Cloudy skies and warmer though cooling  temperatures signaled the possibility of snow moving into the region carried on Northern winds and high air pressure. Though this season has been unusually scarce of snow, normalcy can return in an instant.

Churchill polar bear.

Photo: Colby Brokvist

Guide Amy and her travelers enjoyed a day on the tundra near the lodge viewing over 20 different polar bears. A good number were lounging though there also was the normal younger and older males sparring throughout the day. After fulfilling their satisfaction quota , they headed out near first tower in the East and came across a sow with her two coy’s walking over land stopping periodically to keep a watchful eye on a lone male paralleling their paths making mom a little uncomfortable. Finally the family stopped and a ten minute stare-down by mom seemed to convey her frustration with him. He moved away crossing over the trail and away from the area. It’s interesting to wonder what a male is looking for in order to pursue more intently..maybe a mom who cannot continue to shelter the cubs due to her own lack of energy perhaps.

Guide Elise and group also had an amazing day…trekking out to the lodge vicinity in the CWMA where numerous bears were milling about. A polar bear lingered under the back deck  of their vehicle for over an hour…pressing it’s nose against the grate accompanied by numerous deep breaths. Having sufficiently sniffed at boots from all over North America, the animal stood up and leaned on the side of the vehicle a few times inspecting the beings within those boots. Definitely not seals.
Leaving there and en route to first tower out East the group observed two bears lying next to each other and decided to have lunch nearby them. Turns out it was a sow and yearling. This realization that the slightly smaller one was a yearling (a cub going into her second year) came once they stirred and the yearling began to nurse!!! An ” awesome” experience for all… the bears then moved around, walked across a nearby frozen pond, which with the warm weather had some melt water on surface. The glassy surface of the water reflected their majestic bodies as they wandered over to the edge of the pond and curled up again together. Periodically at times the cub would stretch and at one point he was extended fully with one fore paw resting under mama’s chin.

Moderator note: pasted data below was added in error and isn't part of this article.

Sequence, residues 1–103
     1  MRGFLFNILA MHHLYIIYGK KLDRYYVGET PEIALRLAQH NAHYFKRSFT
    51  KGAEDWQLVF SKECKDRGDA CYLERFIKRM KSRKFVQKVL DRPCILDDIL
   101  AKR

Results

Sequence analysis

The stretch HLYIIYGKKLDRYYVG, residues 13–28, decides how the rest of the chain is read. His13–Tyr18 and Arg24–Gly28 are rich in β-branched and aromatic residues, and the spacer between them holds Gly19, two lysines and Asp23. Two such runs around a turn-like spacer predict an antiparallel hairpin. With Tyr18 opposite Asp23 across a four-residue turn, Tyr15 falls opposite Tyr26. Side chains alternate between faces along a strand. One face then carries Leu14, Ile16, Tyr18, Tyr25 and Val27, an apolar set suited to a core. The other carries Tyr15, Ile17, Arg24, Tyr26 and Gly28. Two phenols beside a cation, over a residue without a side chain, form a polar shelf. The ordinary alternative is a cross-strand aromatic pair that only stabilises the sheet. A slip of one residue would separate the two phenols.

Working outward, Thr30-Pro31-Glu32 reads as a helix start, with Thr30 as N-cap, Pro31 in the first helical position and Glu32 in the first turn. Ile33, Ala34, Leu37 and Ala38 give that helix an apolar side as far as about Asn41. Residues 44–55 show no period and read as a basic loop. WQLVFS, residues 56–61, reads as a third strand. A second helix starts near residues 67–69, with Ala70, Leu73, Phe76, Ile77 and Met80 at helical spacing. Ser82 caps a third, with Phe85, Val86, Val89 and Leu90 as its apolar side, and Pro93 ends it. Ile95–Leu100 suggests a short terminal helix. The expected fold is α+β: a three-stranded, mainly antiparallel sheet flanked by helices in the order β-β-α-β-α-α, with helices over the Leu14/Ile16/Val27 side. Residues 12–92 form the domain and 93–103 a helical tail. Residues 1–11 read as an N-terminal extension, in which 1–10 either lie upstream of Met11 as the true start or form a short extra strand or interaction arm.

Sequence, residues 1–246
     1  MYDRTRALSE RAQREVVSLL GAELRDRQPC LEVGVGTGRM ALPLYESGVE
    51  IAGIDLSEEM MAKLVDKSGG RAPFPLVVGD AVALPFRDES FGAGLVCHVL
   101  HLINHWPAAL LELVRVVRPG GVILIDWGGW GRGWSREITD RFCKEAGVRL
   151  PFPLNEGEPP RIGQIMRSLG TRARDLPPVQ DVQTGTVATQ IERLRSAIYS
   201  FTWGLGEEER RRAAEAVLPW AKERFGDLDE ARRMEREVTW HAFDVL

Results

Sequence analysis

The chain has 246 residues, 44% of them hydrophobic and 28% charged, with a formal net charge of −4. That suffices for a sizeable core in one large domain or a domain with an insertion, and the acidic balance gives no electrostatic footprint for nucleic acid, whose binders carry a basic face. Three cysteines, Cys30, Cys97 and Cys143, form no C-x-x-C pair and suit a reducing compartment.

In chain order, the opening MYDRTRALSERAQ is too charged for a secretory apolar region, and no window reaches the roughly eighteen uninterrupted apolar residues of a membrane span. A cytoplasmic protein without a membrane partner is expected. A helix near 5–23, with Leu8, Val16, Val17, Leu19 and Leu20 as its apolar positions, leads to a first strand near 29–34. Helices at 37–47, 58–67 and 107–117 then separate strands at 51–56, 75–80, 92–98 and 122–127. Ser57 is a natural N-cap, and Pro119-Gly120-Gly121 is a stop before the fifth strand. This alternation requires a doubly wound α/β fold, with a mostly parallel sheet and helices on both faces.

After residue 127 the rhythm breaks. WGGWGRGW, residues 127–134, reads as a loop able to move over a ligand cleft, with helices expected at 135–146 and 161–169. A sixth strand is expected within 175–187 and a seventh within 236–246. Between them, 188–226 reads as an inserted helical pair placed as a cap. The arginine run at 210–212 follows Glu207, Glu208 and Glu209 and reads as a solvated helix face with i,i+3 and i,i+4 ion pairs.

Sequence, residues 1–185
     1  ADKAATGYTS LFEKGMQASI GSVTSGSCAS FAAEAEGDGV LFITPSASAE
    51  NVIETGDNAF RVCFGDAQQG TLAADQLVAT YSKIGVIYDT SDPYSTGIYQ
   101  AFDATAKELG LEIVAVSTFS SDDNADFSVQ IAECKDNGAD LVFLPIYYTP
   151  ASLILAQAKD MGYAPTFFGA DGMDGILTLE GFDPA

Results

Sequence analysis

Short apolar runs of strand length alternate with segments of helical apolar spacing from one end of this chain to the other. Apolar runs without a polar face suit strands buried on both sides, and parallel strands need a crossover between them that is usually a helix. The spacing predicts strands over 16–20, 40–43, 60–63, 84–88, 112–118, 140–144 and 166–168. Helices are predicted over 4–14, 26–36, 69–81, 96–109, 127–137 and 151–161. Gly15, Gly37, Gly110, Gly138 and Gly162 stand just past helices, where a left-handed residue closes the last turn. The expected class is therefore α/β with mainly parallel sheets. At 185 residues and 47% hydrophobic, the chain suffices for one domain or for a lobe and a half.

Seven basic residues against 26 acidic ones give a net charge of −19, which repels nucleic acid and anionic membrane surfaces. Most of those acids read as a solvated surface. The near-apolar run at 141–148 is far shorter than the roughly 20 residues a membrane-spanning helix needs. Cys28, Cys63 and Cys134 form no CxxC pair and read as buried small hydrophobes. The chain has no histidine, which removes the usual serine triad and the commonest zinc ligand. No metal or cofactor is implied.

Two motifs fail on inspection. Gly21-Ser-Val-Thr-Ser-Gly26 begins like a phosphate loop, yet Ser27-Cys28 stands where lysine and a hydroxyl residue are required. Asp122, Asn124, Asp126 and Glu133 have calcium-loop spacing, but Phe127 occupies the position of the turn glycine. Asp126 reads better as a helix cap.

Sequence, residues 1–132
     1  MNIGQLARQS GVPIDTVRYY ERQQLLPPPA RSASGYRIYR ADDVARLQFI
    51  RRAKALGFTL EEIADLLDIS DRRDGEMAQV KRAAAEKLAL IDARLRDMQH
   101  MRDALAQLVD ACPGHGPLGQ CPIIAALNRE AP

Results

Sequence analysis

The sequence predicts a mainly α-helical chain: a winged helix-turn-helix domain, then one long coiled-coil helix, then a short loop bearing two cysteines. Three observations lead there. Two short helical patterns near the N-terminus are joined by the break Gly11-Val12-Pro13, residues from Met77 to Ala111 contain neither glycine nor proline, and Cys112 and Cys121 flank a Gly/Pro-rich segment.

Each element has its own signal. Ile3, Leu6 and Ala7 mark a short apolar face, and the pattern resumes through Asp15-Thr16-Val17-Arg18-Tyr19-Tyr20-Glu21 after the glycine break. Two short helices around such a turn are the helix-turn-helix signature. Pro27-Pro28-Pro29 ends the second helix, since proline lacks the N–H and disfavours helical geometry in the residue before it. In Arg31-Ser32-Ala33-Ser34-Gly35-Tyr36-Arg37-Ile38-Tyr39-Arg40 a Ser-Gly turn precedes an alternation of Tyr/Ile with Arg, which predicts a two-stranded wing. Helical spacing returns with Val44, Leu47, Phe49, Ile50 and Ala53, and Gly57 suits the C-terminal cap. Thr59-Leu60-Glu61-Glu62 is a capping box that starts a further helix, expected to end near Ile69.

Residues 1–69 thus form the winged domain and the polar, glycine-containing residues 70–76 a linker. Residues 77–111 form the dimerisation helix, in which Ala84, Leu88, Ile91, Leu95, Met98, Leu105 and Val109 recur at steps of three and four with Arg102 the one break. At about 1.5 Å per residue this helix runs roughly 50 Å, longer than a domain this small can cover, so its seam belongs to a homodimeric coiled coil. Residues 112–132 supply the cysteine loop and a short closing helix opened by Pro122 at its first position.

Further down the trail, near first tower, they found a sow with  two coy’s…noticing the vast size difference between cubs of year and the yearling sighted earlier (which was almost the size of mom). These bears had an increased anxiety level as a male polar bear wandered into the area.Churchill polar bear.

Highlights for travelers with Guide Melissa included a snow white gyrfalcon sitting high atop first tower for considerable time! What an eye-full! Throughout the day sightings of four sets of moms with cubs including timing it just right to see one pair in nursing mode. Capping off their tundra tour they spied an  arctic fox hunting out on Gordon and out of the rocks and along the plant life dusted white with snow.. a fine day!

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